If you are to experience one place in Nyborg, it’s the entire area around Nyborg Castle. The historic ramparts and moats surrounding the red-bricked castle. Immerse yourself in the history. Feel the buzz of times past and make your way around the historic town centre – we guarantee that you’ll fall in love with Nyborg.
Nyborg Castle has been a favourite residence of the Danish Kings. After the Swedish Wars in the 1650s, it was extended into a fortress with a system of embankments and large bastions, the remnants of which still can be seen. On the Queen’s Bastion, there are four 18-pound model 1753 cannons, and two 84-pound system 1834 heavy grenade cannons, made according to original drawings from the Royal Danish Arsenal Museum.
It was not possible to dig wells in Nyborg, so water had to be brought in from outside when the town grew up around the fortress some 800 years ago. From the stone bridge built on Ladegårdsvej in 1834, you can see Ladegårds Å river running through the bottom of a narrow tunnel valley formed during the Ice Age. Many years ago, the water from Vindinge Å river was diverted so that it ran to Nyborg via Ladegårds Å river. This provided the town with drinking water, water for the castle mill and water to fill the moats around the fortress. A low dam, forming Ladegård Sø lake, which abutted the fortress, blocked the mouth of Ladegårds Å river, which opened into the fjord.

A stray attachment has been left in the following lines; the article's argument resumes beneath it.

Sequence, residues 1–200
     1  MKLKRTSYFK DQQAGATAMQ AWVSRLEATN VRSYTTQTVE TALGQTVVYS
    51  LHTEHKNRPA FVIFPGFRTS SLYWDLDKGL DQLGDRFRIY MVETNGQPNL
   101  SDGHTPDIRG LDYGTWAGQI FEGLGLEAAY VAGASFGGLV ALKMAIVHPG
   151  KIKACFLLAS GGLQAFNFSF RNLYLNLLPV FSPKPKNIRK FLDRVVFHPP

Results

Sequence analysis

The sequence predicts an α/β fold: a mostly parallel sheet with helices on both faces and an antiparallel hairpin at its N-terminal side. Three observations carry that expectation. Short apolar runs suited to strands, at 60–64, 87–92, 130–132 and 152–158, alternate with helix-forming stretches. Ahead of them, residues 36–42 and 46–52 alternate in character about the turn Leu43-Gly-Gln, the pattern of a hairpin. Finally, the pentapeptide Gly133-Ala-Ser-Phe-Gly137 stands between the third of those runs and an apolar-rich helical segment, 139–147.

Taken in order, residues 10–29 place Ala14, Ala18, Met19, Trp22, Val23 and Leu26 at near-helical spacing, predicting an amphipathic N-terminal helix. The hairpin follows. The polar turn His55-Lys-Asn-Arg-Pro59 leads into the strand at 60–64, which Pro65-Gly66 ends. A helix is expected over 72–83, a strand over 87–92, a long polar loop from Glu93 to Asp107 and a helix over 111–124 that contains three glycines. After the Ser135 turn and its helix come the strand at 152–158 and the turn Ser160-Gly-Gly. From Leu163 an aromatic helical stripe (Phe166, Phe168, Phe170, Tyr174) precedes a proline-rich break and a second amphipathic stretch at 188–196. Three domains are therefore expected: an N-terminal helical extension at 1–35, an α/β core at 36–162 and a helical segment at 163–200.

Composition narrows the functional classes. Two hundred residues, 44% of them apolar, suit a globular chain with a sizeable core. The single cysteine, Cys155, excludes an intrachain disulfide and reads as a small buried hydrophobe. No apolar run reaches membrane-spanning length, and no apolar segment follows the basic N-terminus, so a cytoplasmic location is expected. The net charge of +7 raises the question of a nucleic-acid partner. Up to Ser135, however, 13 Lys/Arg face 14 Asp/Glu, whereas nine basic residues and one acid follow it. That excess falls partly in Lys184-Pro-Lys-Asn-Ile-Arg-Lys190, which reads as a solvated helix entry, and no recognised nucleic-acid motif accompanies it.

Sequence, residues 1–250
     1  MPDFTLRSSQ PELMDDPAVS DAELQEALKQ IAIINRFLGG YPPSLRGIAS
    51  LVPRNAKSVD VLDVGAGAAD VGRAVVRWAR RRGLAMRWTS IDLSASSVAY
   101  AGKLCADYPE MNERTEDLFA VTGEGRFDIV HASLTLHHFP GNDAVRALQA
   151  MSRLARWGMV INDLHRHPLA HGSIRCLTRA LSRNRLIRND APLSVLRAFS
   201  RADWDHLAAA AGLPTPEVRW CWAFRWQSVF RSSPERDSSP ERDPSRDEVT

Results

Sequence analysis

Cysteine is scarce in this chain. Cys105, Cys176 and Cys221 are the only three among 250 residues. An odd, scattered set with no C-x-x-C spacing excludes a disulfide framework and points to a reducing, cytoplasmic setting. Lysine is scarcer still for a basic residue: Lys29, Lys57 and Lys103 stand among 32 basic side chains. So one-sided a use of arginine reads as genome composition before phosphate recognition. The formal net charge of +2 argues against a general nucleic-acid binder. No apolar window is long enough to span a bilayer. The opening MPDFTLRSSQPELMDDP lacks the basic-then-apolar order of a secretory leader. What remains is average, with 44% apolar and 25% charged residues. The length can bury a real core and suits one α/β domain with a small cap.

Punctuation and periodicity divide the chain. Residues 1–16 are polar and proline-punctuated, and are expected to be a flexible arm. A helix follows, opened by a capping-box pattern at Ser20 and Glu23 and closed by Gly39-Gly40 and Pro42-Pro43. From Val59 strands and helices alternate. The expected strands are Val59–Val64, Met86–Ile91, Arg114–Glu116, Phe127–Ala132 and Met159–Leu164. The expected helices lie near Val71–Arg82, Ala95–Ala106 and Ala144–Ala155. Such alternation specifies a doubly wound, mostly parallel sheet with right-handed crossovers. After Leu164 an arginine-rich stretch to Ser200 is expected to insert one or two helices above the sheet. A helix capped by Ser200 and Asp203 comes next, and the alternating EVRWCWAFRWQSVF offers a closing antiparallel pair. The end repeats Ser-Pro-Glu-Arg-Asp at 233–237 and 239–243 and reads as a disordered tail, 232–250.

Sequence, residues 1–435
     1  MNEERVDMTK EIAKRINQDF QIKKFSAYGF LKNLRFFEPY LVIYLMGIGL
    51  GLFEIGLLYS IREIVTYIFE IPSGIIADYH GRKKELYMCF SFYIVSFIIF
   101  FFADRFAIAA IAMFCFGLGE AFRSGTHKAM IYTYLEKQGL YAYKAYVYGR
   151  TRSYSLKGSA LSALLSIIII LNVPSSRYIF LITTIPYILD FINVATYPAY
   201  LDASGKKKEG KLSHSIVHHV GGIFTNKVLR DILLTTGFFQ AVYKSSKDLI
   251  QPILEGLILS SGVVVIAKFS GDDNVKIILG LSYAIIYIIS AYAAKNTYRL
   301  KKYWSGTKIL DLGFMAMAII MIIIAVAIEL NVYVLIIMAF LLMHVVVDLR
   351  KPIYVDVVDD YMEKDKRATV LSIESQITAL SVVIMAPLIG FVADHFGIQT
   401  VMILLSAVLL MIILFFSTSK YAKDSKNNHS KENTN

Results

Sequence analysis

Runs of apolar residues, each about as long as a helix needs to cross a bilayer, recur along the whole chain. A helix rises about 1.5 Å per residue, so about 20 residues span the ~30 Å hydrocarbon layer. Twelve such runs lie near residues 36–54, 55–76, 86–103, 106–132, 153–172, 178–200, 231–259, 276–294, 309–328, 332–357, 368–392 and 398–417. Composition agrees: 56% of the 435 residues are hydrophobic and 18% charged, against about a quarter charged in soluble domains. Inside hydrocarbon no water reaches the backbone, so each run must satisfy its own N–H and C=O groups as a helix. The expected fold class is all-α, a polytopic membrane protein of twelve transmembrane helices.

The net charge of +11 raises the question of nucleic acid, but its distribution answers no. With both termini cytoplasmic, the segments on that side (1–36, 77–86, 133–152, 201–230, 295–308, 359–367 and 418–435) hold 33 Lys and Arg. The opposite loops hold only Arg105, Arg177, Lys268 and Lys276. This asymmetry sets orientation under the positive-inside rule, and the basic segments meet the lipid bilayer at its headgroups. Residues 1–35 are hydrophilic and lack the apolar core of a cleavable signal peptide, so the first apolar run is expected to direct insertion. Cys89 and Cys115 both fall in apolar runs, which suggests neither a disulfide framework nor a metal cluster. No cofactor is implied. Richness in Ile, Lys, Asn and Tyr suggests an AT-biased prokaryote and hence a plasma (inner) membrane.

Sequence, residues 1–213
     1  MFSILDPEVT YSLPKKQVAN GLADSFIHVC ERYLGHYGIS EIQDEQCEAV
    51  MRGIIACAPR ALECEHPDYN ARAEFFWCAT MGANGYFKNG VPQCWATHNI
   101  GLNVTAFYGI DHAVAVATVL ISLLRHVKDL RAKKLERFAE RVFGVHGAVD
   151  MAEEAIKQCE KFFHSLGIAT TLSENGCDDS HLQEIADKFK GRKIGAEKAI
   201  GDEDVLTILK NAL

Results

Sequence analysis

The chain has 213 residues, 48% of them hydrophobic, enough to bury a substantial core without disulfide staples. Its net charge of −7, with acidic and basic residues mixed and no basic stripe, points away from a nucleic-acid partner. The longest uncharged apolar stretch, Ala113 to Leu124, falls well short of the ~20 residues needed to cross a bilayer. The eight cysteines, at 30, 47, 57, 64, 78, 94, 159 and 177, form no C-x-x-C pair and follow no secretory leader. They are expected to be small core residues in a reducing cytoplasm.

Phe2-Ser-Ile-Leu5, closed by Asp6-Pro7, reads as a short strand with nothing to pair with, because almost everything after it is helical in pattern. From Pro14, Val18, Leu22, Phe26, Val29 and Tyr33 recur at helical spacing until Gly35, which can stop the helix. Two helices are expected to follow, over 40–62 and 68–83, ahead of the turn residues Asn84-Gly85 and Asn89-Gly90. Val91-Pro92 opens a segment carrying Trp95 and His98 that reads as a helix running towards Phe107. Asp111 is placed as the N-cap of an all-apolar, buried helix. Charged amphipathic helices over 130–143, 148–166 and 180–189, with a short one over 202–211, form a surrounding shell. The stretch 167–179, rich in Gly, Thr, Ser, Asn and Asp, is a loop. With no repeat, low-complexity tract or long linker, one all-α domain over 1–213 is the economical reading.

Walking westwards along Ladegårds Å river path, you will reach Hjulby Sø lake and moor.
On the south side of Ladegård Sø lake lie the remains of “Ladegård Forest”, which was once the castle’s deer park. The remaining old oak trees are all protected.
If you walk from Nyborg Castle through the gate under the ramparts, you have the wide moat, Kamgraven, in front of you. On the opposite bank, the water flows in from Ladegårds Sø lake. A channel leads the water under the gates into Slotssøen (the Castle Lake).
If you walk back through the gate and along the path towards Torvet (the town square), you will see the waters of the lake flow under the bridge along Slotsgraven to the library peninsula and then in the opposite direction in Møllegraven, along Slotsgade, past Torvet and through Slotsmøllen (the Castle Mill). The drinking water for the town was led from Møllegraven via channels made of hollowed tree trunks into basins, where the town residents could pump up the water.